frankbestfriend Mon 01-Jun-09 22:35:00

Children can be so cruelsad

No real advice or experience I'm afraid, just wanted to say that he sounds delightfulsmile

maduser Mon 01-Jun-09 22:35:54

Sounds like a plan - or try getting him to replace the reaction with something more "acceptable" like clapping or "punching the air" (am sure you can think of something more appropriate for a 4 year old!)

A friends child was touching feet - but change it to touching palms of hands - and he now behaves less "obviously" to others...

Parenting eh!! Good Luck, primary transition is v-hard.

Sycamoretreeisvile Mon 01-Jun-09 22:39:25

Oh, sad. It sounds just adorable. Really, I would see what a dev paed had to say before choosing the discouragement method you mention about. Sorry, I can utterly read you adore you boy, and just have best interests at heart - want him to assimilate socially etc. But I would genuinely get some advice first smile

It might be something he remembers is all. I remember in reception year my teacher used to pull me aside to ask me if there was anything wrong. It made me feel like a complete freak.

I mentioned it as a teenager and my parents said, oh yes, we were worried you were a bit withdrawn at that age, or unhappy or something so we asked your teacher to keep and eye on you.

It had the opposite effect, I used to hide if I was genuinely feeling sad or upset for fear of being pulled up.

Incidentally, I have NO IDEA what they are on about. I don't remember feeling anything but happy as a child. I did have some bad dreams about witches though, but that's for another thread grin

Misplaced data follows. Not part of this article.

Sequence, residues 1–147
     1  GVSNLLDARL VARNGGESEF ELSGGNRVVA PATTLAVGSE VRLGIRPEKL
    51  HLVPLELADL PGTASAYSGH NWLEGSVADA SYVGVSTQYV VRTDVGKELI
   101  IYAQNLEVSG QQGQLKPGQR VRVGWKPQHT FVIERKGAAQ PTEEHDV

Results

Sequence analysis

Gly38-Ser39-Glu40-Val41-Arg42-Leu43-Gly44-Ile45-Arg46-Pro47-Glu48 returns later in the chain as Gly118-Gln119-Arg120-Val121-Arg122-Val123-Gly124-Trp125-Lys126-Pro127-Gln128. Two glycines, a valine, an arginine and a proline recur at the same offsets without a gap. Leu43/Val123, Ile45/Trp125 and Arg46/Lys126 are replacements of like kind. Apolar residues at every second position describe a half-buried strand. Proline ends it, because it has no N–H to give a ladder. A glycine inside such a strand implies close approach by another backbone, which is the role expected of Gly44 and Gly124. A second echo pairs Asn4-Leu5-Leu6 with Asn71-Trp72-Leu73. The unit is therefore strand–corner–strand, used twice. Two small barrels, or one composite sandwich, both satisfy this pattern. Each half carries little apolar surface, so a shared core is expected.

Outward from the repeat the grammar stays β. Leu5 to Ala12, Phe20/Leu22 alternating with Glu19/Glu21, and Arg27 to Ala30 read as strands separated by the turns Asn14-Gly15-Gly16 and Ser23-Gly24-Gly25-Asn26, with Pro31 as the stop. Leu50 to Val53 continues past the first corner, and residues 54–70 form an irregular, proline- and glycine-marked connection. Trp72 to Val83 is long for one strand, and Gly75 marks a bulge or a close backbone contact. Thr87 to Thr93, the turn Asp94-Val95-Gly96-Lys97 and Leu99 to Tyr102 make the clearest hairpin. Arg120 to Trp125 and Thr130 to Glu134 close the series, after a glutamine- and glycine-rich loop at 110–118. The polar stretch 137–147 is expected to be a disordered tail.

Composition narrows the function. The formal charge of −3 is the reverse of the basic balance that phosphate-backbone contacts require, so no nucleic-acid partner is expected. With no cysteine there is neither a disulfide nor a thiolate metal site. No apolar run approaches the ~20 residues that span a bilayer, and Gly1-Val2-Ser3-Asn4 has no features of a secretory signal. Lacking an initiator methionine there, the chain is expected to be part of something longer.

mummyplonk Mon 01-Jun-09 22:52:41

Thats a great idea Madusa thank you, even if he claps his hands that will make him more acceptable, it's so hard I dont want to stop a boy expressing he is happy without appearing weird.

beesonmummyshead Tue 02-Jun-09 07:46:25

oooh my 21 month old dd does this too, and I can remember doing it when I was little! perfectly normal in some children. We grew out of it, and (for the record) are not in the slightest bit autistic

However I really can't remember why or how we grew out of it. Sorry I'm not much help am I?!

hippipotamiHasLost33Pounds Tue 02-Jun-09 07:56:23

My dd (now 6) used to flap her arms like a baby bird trying to get lift-off when excited. She still did this when she started reception. As far as I know there were no negative comments. She stopped by herself as she approached the grand old age of 5 and a half. smile

He will grow out of it, and I think the more of an issue you make it the more he will struggle to stop.

Also, one comment from one boy does not a whole class pointing and laughing at your boy make.
Children at that age will say things without really meaning them or without actually knowing what they mean/why they are saying it.
I vividly remember one boy, at a birthday party when ds was in reception, pointing at ds and saying to another boy 'he is weird'. It hurt me, but I am not sure the boy even knew what weird meant. Incidentally this boy became one of ds's closest friends towards the end of reception year and still is now (5 years later)
So don't worry about the 'not accepting' issue.
All children have funny/quirky habits. It makes them unique and it makes them all the more loveable to us.